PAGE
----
What is an appraisal?
A home purchase is the largest, single investment most people will ever make. Whether
it's a primary residence, a second vacation home or an investment, the purchase of real
property is a complex financial transaction that requires multiple parties to pull it all off.

Most of the people involved are very familiar. The Realtor is the most common face of the
transaction. The mortgage company provides the financial capital necessary to fund the
transaction. The title company ensures that all aspects of the transaction are completed
and that a clear title passes from the seller to the buyer.

So who makes sure the value of the property is in line with the amount being paid? There
are too many people exposed in the real estate process to let such a transaction proceed
without ensuring that the value of the property is commensurate with the amount being
paid.

This is where the appraisal comes in. An appraisal is an unbiased estimate of what a
buyer might expect to pay - or a seller receive - for a parcel of real estate, where both
buyer and seller are informed parties. To be an informed party, most people turn to a
licensed, certified, professional appraiser to provide them with the most accurate estimate
of the true value of their property.

The Inspection
So what goes into a real estate appraisal? It all starts with the inspection. An appraiser's
duty is to inspect the property being appraised to ascertain the true status of that
property. The appraiser must actually see features, such as the number of bedrooms,
bathrooms, the location, and so on, to ensure that they really exist and are in the
condition a reasonable buyer would expect them to be. The inspection often includes a
sketch of the property, ensuring the proper square footage and conveying the layout of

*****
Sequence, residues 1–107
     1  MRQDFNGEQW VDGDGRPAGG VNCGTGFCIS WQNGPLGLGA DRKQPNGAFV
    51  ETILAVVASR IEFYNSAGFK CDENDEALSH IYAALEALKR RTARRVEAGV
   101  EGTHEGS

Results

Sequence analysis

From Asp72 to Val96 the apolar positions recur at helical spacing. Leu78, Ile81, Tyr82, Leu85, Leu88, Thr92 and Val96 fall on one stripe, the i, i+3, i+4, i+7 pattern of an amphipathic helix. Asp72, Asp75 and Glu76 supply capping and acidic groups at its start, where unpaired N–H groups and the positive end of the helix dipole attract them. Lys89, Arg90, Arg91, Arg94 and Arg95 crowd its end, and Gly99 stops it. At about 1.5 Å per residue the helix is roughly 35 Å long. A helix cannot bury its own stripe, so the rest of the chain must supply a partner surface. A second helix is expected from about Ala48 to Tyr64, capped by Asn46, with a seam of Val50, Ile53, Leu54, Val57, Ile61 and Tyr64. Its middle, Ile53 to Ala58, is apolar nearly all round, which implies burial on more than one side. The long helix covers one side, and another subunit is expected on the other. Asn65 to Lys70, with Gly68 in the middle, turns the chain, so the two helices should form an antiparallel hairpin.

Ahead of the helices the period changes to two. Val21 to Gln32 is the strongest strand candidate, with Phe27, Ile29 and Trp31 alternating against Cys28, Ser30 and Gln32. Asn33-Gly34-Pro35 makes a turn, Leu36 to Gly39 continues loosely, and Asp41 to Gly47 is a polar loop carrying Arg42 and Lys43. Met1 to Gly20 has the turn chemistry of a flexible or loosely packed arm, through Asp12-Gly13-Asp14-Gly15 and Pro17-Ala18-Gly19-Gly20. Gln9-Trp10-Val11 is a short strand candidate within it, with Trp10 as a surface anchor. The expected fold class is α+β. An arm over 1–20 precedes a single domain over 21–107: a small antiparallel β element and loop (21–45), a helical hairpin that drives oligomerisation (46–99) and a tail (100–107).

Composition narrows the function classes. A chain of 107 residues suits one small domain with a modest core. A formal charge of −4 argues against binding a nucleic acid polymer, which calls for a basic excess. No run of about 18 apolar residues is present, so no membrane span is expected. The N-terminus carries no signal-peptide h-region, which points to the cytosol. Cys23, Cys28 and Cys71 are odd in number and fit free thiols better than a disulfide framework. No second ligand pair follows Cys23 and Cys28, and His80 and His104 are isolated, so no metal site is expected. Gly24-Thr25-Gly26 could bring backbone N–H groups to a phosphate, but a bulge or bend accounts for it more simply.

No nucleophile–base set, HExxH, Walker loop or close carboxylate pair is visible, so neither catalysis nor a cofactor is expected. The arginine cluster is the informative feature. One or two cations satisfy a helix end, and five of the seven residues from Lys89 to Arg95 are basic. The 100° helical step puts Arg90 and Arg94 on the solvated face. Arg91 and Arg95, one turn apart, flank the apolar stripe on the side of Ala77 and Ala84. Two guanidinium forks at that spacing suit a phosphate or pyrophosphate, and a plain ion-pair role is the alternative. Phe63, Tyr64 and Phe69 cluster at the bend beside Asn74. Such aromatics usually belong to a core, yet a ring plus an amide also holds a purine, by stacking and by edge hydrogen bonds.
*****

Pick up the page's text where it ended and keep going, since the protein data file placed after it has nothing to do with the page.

the property. Most importantly, the appraiser looks for any obvious features - or defects -
that would affect the value of the house.

Once the site has been inspected, an appraiser uses two or three approaches to
determining the value of real property: a cost approach, a sales comparison and, in the
case of a rental property, an income approach.

Cost Approach
The cost approach is the easiest to understand. The appraiser uses information on local
building costs, labor rates and other factors to determine how much it would cost to
construct a property similar to the one being appraised. This value often sets the upper
limit on what a property would sell for. Why would you pay more for an existing property if
you could spend less and build a brand new home instead? While there may be mitigating
factors, such as location and amenities, these are usually not reflected in the cost
approach.

Sales Comparison
Instead, appraisers rely on the sales comparison approach to value these types of items.
Appraisers get to know the neighborhoods in which they work. They understand the value
of certain features to the residents of that area. They know the traffic patterns, the school
zones, the busy throughways; and they use this information to determine which attributes
of a property will make a difference in the value. Then, the appraiser researches recent
sales in the vicinity and finds properties which are ''comparable'' to the subject being
appraised. The sales prices of these properties are used as a basis to begin the sales
comparison approach.

Using knowledge of the value of certain items such as square footage, extra bathrooms,
hardwood floors, fireplaces or view lots (just to name a few), the appraiser adjusts the
comparable properties to more accurately portray the subject property. For example, if
the comparable property has a fireplace and the subject does not, the appraiser may
deduct the value of a fireplace from the sales price of the comparable home. If the subject
property has an extra half-bathroom and the comparable does not, the appraiser might
add a certain amount to the comparable property.

In the case of income producing properties - rental houses for example - the appraiser
may use a third approach to valuing the property. In this case, the amount of income the
property produces is used to arrive at the current value of those revenues over the
foreseeable future.

Reconciliation
Combining information from all approaches, the appraiser is then ready to stipulate an
estimated market value for the subject property. It is important to note that while this
amount is probably the best indication of what a property is worth, it may not be the final
sales price. There are always mitigating factors such as seller motivation, urgency or
''bidding wars'' that may adjust the final price up or down. But the appraised value is often
used as a guideline for lenders who don't want to loan a buyer more money that the
property is actually worth. The bottom line is: an appraiser will help you get the most
accurate property value, so you can make the most informed real estate decisions.
Whittington Appraisals
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